10 May 2009

Dreams of Rivers and Seas by Tim Parks

A hero, but self-indulgent and confused

Tim Parks comes to India and does a pretty good job. He knows that you're going to have to carry your woollens because the airconditioning is often desperately wintry. He knows that we can put away a whole lot of starters before we actually get to table. He knows exactly how things look and feel and smell. His description of the burning ghats shows that he spent some time out there watching. But he really should have got his manuscript vetted by a local because there are tiny goof-ups that give the game away like a put-on accent that falters at every strain. He has a bathroom attendant plug a basin and fill it with water so that a guest can wash her face - little knowing that no one in this country would dream of doing such a thing when all kinds of people have spat in the basin before her. We wash our faces with running water, right, especially at basins! He has his hero order lamb at a dhaba - he probably didn't notice that most of us here haven't yet started pretending that our mutton wasn't mutton.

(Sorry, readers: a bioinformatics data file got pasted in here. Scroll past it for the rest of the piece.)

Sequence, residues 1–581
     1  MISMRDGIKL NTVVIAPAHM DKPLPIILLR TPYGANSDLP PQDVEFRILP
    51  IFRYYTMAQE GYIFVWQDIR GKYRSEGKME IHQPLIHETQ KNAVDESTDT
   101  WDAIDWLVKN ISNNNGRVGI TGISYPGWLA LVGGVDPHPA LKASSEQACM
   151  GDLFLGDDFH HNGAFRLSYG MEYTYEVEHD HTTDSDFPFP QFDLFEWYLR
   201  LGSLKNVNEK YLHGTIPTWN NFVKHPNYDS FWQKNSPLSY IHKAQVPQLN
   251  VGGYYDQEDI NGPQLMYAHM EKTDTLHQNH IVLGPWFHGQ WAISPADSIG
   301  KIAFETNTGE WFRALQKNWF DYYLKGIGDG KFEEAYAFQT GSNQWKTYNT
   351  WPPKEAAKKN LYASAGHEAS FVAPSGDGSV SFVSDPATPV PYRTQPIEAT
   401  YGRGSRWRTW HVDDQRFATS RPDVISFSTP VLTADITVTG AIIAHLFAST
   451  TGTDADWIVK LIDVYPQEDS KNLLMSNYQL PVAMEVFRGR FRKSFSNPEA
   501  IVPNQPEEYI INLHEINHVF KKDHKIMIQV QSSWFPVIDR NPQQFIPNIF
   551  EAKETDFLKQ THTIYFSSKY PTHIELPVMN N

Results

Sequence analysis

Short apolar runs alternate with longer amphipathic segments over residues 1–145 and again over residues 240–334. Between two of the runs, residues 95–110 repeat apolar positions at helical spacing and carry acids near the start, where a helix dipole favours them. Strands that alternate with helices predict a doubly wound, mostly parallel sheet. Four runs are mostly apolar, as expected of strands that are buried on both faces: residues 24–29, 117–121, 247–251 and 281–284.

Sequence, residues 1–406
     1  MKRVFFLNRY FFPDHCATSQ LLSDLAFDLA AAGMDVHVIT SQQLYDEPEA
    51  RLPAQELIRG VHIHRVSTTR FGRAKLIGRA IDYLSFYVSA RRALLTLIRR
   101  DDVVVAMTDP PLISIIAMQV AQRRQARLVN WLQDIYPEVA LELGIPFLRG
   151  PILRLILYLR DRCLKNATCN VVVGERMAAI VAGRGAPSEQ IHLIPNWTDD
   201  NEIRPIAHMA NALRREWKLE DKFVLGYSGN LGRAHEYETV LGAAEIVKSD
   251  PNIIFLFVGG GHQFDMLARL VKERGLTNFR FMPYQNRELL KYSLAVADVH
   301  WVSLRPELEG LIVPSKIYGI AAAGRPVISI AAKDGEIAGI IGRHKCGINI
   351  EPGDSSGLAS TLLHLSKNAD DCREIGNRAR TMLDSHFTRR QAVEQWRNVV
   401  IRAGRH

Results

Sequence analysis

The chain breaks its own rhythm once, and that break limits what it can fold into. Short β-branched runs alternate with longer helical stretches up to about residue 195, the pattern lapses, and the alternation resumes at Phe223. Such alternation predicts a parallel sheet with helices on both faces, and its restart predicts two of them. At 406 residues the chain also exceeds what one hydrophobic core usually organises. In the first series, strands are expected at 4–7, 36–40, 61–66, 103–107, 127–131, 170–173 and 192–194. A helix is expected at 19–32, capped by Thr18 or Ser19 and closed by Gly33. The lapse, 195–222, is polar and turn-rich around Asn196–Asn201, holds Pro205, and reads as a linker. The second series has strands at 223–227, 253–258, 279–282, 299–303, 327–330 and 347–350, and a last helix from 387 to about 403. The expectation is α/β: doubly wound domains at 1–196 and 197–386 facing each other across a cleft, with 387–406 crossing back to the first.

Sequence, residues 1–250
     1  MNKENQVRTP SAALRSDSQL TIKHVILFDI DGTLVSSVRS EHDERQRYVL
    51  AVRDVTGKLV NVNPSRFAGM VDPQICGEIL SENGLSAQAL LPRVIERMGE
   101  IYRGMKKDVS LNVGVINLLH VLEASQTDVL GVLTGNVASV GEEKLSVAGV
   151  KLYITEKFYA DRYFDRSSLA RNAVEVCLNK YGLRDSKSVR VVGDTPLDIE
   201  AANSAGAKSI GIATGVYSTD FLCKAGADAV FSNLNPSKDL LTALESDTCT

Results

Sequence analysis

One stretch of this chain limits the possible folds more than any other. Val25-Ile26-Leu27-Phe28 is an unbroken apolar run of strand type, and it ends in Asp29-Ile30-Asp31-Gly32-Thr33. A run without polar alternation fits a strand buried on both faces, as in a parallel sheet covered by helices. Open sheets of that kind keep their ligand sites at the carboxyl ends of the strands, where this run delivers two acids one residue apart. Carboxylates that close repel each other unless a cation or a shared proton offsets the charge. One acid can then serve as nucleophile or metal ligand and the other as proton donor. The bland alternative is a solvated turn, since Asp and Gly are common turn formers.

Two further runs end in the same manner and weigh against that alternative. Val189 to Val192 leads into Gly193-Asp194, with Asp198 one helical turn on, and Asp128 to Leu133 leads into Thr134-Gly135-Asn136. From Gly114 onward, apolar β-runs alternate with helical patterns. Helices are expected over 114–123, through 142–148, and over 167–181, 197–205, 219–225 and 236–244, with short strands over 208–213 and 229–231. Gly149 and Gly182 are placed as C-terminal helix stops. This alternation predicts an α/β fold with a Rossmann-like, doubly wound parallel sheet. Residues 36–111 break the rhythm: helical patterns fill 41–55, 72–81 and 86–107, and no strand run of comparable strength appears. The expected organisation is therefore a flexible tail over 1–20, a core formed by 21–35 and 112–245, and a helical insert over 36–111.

Anyway, none of this is really important, because this is a very British book and is a little insight into British culture, relationships, values and concepts. Albert James is an anthropologist and his wife Helen a doctor who is devoted to the service of the wretched in
India. Albert is now dead and their son John arrives in India for the funeral. John is a bit of a tortured fellow - self-indulgent and confused whether he's in India or back at home trying to get money from his grandmother though he's at an age when he really should be funding his own needs. Does he want to marry his girlfriend or not (and does she want to marry him?) What's he going to do when he's done with blowing up his grandmother's generous gift? How does he feel when he learns the awful truth about his parents' weird relationship? Yawn.

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